I am a pianist. Any musician will tell you that the relationship between an artist and their instrument is a special one, and the relationship I have with my Shigeru Kawai SK-6 is no exception. Just like all couples falling in love have a story, most musicians can tell you exactly how they got their instrument. This is my story.
Four years ago, my husband and I went out for a leisurely Saturday breakfast. Sitting over pancakes and coffee, he asked me what I planned to do that day. “I’m going to buy a grand piano,” I said. To his credit, he didn’t spit out his coffee like the person at the next table did, overhearing us. Bob asked how I intended to pay for it, I told him, and after picking up some music at home, off we went.
I already knew what sort of piano I wanted, and about how much it would cost. I knew why I wanted it: I’ve always wanted a grand piano, and my 60th birthday loomed. “I’m not getting any younger,” I said. “If I wait much longer, I won’t have much time to enjoy it.” My dream piano would be at least a six-footer, shiny black, with a bright tone that sounded like bells. I had always loved Kawai pianos, so that was our first stop.
In the store, I sat down at a model which looked like a good candidate. It was the right length, and the price was just about what I thought it should be. It was nice, but the salesman thought I should play several more, especially one in particular. I fiddled around on other instruments in the showroom, then he ushered me into the empty recital hall. I sat on the bench in front of a Shigeru Kawai SK-6 and fell in love.
From the first notes, I knew that this one was mine. It was responsive, the touch was just right, the tone sounded like angels singing. I played the whole song. At the end, there was applause. The front two rows were filled with retirees who were arriving for their group organ lesson. I hadn’t even noticed them come in. I stood up and looked for the price tag. I was crushed—I didn’t know that pianos could cost that much, at least not the ones that weren’t 9-foot Steinways destined for Lincoln Center. I tried to put that particular instrument out of my mind—it was so far over my budget there was no point in dreaming.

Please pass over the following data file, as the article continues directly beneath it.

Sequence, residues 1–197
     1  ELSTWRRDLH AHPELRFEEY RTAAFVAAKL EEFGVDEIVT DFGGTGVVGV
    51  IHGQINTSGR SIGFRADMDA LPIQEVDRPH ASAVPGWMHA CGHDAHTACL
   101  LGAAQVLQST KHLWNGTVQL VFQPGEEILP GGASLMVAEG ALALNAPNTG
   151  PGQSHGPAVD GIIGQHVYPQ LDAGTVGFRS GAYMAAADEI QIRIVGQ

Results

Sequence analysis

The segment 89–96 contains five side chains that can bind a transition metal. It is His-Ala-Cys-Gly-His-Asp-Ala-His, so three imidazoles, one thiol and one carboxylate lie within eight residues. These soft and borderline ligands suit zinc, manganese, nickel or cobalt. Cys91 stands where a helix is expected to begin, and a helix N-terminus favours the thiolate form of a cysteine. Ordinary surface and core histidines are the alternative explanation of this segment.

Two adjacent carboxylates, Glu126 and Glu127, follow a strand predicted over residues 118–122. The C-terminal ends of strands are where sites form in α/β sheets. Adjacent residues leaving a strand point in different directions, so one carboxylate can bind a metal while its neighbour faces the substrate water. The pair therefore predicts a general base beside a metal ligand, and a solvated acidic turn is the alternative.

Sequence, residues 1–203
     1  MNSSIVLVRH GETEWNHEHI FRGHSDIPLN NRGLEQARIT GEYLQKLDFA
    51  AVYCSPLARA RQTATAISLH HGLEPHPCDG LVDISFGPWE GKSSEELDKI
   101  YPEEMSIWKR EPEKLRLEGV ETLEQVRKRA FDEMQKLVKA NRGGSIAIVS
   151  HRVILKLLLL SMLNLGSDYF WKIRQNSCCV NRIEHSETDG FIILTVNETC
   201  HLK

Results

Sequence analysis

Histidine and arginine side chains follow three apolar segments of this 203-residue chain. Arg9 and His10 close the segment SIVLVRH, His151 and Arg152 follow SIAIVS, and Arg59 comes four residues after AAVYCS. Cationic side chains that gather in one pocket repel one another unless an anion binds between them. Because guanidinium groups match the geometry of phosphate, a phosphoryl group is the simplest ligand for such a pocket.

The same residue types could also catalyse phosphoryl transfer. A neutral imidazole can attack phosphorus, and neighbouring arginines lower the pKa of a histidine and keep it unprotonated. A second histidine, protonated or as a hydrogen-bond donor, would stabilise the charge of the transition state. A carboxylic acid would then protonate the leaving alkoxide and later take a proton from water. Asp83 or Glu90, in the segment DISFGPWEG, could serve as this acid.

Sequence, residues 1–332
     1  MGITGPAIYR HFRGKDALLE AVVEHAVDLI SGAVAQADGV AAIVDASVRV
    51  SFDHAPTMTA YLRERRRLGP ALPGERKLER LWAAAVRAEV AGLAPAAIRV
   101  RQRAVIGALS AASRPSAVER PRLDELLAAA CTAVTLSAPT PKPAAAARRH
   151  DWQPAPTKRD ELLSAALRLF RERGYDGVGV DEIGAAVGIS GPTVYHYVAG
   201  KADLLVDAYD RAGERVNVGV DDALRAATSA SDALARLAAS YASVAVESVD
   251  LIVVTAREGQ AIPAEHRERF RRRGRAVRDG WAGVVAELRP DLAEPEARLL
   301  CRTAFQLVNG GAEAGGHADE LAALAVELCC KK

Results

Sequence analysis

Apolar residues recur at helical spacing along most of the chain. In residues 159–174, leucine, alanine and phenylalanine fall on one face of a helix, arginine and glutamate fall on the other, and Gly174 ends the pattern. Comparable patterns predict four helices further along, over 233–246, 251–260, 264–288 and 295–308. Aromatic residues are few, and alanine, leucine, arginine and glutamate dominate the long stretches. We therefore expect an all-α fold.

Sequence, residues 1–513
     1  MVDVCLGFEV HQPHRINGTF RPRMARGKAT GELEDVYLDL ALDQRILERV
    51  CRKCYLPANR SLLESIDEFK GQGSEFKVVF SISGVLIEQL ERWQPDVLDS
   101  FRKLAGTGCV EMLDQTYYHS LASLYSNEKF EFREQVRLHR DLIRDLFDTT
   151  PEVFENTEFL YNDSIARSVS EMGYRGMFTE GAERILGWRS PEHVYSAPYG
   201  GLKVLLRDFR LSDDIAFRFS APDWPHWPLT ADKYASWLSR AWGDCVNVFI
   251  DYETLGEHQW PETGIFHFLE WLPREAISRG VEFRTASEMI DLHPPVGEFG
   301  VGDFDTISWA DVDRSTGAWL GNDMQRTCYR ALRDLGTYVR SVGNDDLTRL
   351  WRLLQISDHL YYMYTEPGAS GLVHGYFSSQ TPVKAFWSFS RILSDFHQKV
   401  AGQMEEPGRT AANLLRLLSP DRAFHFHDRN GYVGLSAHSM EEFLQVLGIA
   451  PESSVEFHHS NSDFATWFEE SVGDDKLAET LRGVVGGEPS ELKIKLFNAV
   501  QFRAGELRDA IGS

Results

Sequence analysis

The salesman and my husband (who already knew that the budget was about to go out the window) took me to the wonderful piano’s little sister. It was nice. It was the right size, the right finish, the right touch, and only twice my budget. When I played it, though, it sounded like a really good operatic soprano—not angels. I was happy, but not ecstatic. However, Shigeru Kawai pianos come with a set-up by one of their awesome piano technicians, and the salesman assured us that the technician could voice the piano to reproduce those singing angels. I put money down to hold it, and we left.
Over the next week, I played lots of pianos. Yamahas, Steinways, Baldwins, Bosendorfers, Kawais, Shigeru Kawais—you name it. If there was a piano in the city I thought would be comparable, I played it. I took a student with me to listen. At the end of the quest, the student told me which one he preferred for himself, and then said that the Shigeru SK-6 that I loved just sang when I played it. All other pianos just hummed.
That afternoon I had a chat with the music store manager about financing and delivery dates. I told him I would have the money for the piano by the weekend, but the piano I really wanted was the beautiful SK-6 in the recital hall. He said he’d see what he could do. Fifteen minutes later, he called and said that he wanted to be sure I was sitting down and had a pencil. I was, and I did. He said the store owners had agreed to sell me the angels’ piano for only $3000 more than I would pay for the smaller one. After I recovered from my faint, I called my husband, who again did not flinch (a strong man, that one). He said, “I guess you’ll be dropping by the music store on the way home, then.” Yup. That’s exactly what I did, and within two weeks the amazing piano was sitting in my living room. We call it TOM, short for “The Other Man.”
I play it for hours nearly every day. It still sounds like angels. In fact, the first time people hear it, the reaction is usually tears. My dream is to let everyone hear TOM, and now I’ve made a recording. Watch this space to see how you can hear him, too. Public service warning: Sit down, and keep a tissue handy. You might need one.